This was exactly the case for Lufkin ISD Superintendent Dr. LaTonya Goffney, who was not aware of the uneven ratio of males and females in the job until her first Region VI superintendents meeting.
 
“I walked in, and it was all men,” Goffney said. “And that’s when I realized it was not the norm.”
 
Goffney said becoming a superintendent was not a goal of hers until she received encouragement from her mentor during her postgrad work.
 
“I think mentors, sponsors, and people in the field are very important,” she said. “It was my superintendent mentor who had taught me at Sam Houston who came to me and told me I was ready. And at the same time, there were community members who pushed me out there.”

Perhaps there is a deficit of mentors pushing young women to create ambitious goals for their careers. A study from Columbia University points to some reasons as to why that’s a real possibility. The report revealed that younger women tend not to choose female mentors. Additionally, women at the senior level tend not to take on female mentees because there is a feeling of competition, knowing that there are only so many positions of leadership available for women.

Men aren’t doing much better in identifying young women to mentor and raise to positions of leadership. The study found that a majority’s reaction to a small entry by a minority into its territory (such as an-all male school board hiring a female superintendent) might be neutral or even positive. However, once a minority reaches a certain threshold, the majority often feels threatened. Studies suggest this threshold is about 20 percent, which would almost  match the percentage of female superintendents in the state (19 percent).

In short, the study found that in some cases, women see other women as competition and therefore are less likely to counsel them, and men are comfortable mentoring women so long as men remain the vast majority in positions of power.
As a result, many young female educators may be without an appropriate support system. But the need for mentorship still remains large. For Goffney, she said she wouldn’t be a superintendent without that assistance.

“I think there are more male role models who are mentoring other males but I think there are not as many who are mentoring females,” she said. “I was blessed in that regard, to have good male mentors who pushed me to try, put my name out there, and encouraged me.”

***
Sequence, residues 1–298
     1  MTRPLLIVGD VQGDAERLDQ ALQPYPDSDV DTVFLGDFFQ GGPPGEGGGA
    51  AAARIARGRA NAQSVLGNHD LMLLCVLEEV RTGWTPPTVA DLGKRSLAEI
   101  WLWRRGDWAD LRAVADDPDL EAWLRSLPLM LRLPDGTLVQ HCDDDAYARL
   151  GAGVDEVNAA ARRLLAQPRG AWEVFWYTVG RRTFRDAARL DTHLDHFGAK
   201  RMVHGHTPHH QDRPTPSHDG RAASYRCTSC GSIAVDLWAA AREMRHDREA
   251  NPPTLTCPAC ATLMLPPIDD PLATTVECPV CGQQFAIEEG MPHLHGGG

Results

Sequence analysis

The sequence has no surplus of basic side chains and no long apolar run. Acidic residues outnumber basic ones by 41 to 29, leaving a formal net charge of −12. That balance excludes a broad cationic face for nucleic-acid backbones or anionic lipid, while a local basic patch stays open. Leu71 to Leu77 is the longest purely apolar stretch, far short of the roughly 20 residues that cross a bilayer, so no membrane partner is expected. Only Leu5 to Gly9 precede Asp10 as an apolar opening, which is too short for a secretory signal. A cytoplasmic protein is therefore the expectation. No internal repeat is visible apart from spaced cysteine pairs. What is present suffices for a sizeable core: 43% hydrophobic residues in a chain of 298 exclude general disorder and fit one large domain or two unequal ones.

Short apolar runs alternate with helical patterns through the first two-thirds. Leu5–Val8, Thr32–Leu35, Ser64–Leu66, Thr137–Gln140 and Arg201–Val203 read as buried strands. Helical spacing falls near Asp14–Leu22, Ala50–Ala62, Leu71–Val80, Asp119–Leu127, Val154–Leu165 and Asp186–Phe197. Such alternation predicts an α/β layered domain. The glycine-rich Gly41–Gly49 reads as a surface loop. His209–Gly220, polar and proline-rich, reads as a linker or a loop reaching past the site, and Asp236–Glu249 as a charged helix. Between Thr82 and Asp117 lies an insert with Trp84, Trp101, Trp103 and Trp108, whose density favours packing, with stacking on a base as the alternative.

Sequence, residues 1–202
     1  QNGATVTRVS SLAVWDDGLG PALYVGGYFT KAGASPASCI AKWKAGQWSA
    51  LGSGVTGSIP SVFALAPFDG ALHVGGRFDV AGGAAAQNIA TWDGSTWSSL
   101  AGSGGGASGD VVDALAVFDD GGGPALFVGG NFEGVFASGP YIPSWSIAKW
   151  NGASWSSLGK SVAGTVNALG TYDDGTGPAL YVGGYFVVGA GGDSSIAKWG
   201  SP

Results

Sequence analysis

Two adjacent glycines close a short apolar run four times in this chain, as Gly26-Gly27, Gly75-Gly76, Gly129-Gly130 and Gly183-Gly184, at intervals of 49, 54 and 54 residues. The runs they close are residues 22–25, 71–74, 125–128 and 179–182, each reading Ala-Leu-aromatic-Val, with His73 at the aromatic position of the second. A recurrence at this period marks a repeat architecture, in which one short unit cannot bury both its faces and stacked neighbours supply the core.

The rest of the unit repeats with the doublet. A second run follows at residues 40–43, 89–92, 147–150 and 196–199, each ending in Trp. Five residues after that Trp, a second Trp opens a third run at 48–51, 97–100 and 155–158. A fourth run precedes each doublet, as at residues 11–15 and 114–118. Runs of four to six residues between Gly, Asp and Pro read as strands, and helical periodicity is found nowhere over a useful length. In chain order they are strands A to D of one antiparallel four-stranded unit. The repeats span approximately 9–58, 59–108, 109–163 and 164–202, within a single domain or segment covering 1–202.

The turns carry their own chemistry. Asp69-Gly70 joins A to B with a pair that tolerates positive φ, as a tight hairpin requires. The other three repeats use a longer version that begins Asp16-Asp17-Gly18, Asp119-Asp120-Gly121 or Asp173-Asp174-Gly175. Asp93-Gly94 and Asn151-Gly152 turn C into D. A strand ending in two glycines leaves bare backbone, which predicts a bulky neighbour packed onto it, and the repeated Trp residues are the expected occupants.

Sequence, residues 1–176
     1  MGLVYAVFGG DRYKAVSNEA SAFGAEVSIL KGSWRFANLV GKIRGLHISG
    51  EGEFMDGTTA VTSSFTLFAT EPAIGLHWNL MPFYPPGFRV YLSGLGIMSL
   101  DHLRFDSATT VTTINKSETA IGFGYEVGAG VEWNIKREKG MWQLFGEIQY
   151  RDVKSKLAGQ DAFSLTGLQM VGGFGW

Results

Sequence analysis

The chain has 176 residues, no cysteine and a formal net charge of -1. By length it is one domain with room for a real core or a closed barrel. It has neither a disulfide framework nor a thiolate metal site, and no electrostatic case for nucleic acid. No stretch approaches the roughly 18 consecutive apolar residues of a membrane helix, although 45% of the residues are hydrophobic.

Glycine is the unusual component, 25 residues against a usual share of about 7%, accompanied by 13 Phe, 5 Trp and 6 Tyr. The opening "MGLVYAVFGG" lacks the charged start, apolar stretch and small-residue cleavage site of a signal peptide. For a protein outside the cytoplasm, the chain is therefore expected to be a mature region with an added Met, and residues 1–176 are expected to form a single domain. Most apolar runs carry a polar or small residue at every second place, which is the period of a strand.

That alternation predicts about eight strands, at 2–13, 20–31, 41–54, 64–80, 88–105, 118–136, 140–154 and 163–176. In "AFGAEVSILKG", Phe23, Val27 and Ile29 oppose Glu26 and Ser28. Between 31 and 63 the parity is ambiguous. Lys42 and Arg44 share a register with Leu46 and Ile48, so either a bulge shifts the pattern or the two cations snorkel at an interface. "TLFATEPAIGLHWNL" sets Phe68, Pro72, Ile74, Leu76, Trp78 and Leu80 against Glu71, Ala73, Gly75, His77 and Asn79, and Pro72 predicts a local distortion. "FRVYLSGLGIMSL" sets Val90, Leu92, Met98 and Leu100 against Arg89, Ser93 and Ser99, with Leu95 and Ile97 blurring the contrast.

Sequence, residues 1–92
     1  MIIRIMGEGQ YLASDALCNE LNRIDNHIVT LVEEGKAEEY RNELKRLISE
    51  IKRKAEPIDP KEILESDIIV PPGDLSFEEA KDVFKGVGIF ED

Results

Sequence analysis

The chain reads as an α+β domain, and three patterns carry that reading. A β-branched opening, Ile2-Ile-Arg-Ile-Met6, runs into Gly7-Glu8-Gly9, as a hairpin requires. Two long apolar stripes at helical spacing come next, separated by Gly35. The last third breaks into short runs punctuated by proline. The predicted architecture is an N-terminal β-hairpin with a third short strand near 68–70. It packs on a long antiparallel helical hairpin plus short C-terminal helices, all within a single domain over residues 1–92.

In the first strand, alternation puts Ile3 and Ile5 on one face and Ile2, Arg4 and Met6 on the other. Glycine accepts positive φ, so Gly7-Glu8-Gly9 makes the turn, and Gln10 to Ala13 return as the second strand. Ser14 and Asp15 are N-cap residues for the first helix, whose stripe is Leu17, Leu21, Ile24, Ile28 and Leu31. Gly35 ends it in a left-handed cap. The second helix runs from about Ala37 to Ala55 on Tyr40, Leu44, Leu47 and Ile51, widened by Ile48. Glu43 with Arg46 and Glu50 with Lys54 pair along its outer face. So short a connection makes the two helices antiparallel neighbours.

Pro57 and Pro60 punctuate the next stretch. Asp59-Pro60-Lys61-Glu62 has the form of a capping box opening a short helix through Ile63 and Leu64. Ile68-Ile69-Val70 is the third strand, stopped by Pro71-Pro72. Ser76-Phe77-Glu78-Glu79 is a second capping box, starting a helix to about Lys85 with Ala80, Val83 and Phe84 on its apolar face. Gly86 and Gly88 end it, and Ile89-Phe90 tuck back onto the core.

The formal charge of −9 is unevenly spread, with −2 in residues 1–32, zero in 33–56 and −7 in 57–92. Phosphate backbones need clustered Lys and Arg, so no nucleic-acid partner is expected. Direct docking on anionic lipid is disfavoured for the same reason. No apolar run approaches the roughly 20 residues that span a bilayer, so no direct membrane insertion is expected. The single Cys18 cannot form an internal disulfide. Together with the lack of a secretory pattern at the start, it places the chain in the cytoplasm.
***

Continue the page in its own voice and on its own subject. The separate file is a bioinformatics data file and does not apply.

One of the primary common denominators in talking with female superintendents was the importance they placed on simply encouraging young women to try. If the superintendency is the goal, women should not be discouraged to apply for positions despite the imbalanced ratio they face.

The responsibility falls on the board

Butch Felkner, the director of TASB Executive Search Services, assists districts in their search for a new superintendent. His role is to consult with the school board throughout the process from the planning meeting to the vote-to-hire meeting. In his experience, he said, he has noticed an increase in women applying for superintendent vacancies.

“I have observed over the last several years that there are more females applying for the position so I have to assume there is a growing interest on their part,” he said. “Saying that, there are many very successful female superintendents in the state.”

The important thing in selecting the right person for a superintendency, Felkner said, is emphasizing the importance of candidates’ work experience. Bringing in a diverse applicant pool is a responsibility that falls on the district.

“We leave the diversity issue strictly up to the school board,” he said. “We have many diverse applicants who demonstrate interest in all our searches, but our purpose is to focus the board on the job requirements and how the candidates' work experience best matches their expectations as they see the role of the superintendent for their district.”

As applications from women continue to rise, the ratio of male to female superintendents should slowly start to balance out. Until then, board members should recognize their responsibility to consider applicants from all backgrounds.

Women have to do their part, too, and not self-select their way out of a job. Rue said women can bring a variety of talents and ideas to the position and should be encouraged to strive for more in their careers.

“I believe that the collaborative touch, the nuanced understanding of working with people that I believe women bring to the role is valuable,” Rue said, “and that women do tend to sell themselves short and not recognize the very real talent they can bring to what is a very delicate balance in a community.”